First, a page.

The first deal of its kind in the UK for both Xbox and Sky, the placement will run in the final episode of the current series of Sky1 HD's sports panel show 'A League of Their Own'. The show features host James Corden alongside team captains Jamie Redknapp and Andrew 'Freddie' Flintoff.
The placement is part of Xbox's ongoing six-figure broadcast sponsorship and product-placement agreement for the series.
In the 16 December edition of the quiz, contestants will participate in a 100m 'sprint challenge'. Players run on the spot in front of a screen, their movements being detected by the Kinect.
Through the tie-up, Xbox became the first brand to strike a product-placement deal with a BSkyB-owned channel.
The activity has included showing the audience of 'A League of Their Own' playing Kinect Sports. However, this is the first time Kinect has been part of the show's content.
The deal was brokered by UM London in conjunction with Xbox, Sky and production company, CPL Productions.
Stephen McGill, director, Xbox and entertainment at Microsoft UK, said: 'A product like Kinect needs to be seen in action. This development is a brilliant example of how we continue to challenge the boundaries that the platform offers.'
Jason Hughes, head of branded content at BSkyB, said Xbox was "a natural fit" within the editorial. The broadcaster is looking to strike similar deals with other brands.
Paid product placement has been allowed in the UK since 28 February. ITV1 was the first channel to sign a deal, placing Nestle coffee brand Dolce Gusto in This Morning.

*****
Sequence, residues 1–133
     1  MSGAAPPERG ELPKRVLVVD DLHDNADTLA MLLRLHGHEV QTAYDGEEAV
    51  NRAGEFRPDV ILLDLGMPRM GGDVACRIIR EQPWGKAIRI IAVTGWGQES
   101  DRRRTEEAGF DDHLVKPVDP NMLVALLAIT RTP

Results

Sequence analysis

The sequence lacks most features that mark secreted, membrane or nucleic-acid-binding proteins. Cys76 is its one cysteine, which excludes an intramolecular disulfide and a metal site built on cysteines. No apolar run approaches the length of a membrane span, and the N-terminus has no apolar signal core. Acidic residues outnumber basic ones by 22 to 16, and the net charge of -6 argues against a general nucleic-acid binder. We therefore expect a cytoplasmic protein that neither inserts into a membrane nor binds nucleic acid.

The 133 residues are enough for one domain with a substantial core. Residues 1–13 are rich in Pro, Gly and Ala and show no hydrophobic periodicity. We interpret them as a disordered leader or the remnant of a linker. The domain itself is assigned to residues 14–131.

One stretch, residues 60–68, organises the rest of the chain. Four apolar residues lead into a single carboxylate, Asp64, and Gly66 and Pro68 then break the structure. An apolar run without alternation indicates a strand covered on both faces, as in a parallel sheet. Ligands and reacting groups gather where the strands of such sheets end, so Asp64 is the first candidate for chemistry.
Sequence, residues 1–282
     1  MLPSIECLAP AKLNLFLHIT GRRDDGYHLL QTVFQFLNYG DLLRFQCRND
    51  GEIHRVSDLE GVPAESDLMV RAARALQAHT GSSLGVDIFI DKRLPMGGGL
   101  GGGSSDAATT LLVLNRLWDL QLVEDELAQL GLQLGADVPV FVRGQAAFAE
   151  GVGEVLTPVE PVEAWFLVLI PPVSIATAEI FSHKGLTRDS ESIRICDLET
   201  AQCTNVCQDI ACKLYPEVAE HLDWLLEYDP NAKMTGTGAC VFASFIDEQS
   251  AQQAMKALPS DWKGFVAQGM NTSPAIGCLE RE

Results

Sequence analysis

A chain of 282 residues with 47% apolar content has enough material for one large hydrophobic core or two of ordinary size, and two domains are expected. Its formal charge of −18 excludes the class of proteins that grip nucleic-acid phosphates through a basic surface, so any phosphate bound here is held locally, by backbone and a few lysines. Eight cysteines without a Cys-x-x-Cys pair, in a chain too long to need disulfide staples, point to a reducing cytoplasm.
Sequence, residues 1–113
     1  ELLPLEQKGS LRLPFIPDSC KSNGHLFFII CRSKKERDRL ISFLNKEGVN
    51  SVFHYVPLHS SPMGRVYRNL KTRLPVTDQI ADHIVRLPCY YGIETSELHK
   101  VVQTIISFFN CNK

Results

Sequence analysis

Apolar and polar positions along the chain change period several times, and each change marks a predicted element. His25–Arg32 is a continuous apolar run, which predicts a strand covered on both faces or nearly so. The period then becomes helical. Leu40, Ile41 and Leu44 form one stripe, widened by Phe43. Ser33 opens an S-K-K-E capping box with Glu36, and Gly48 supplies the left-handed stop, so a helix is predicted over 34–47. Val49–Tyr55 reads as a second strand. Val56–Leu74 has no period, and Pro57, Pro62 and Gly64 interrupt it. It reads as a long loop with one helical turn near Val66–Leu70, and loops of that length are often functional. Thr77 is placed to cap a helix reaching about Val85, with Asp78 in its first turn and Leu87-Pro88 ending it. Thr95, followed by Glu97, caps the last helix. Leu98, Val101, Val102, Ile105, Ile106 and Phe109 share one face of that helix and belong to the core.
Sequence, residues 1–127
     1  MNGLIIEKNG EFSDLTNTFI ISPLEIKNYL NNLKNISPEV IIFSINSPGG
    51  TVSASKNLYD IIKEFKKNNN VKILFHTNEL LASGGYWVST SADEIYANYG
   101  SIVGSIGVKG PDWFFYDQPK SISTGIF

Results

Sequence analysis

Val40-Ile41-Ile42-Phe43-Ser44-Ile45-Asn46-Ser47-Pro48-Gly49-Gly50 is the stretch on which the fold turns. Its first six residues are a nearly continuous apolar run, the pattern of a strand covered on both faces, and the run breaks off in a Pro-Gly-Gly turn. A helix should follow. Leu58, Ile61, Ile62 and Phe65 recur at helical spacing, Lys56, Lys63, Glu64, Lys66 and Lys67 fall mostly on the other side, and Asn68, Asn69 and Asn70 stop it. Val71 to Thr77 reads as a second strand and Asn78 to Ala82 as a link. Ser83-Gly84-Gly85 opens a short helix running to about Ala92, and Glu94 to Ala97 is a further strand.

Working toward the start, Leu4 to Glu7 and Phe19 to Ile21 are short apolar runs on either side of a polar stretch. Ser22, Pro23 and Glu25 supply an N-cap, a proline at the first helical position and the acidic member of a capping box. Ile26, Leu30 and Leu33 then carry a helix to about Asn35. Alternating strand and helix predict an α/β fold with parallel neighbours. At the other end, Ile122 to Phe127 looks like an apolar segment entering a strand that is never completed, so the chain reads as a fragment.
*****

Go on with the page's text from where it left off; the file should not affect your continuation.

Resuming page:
While placement has been gaining traction in the UK, so far it has tended to involve branded objects in the background, such as the recent deal between Nationwide and ITV's Coronation Street to display the brand's logo on an ATM.
A handful of brands have begun to integrate placements into editorial content, such as advertiser-funded shows Find My Past, on UKTV channel Yesterday, and New Look's Style the Nation on Channel 4.
IN MY VIEW - EXPERT COMMENT - MARK WOOD, FOUNDING PARTNER, KREMPELWOOD
"This deal is exactly what product placement should be. In my experience, product placement has not become the slippery slope that some feared it would. Research shows that when a placement is combined with sponsorship it is more effective than when a product is placed on it own - if a placement appears out of the blue, it can look ridiculous. The use of product placement with ad-funded or sponsorship deals will increase dramatically, but I don't think standalone or random placements will take off, the recent Nationwide deal being the exception to this."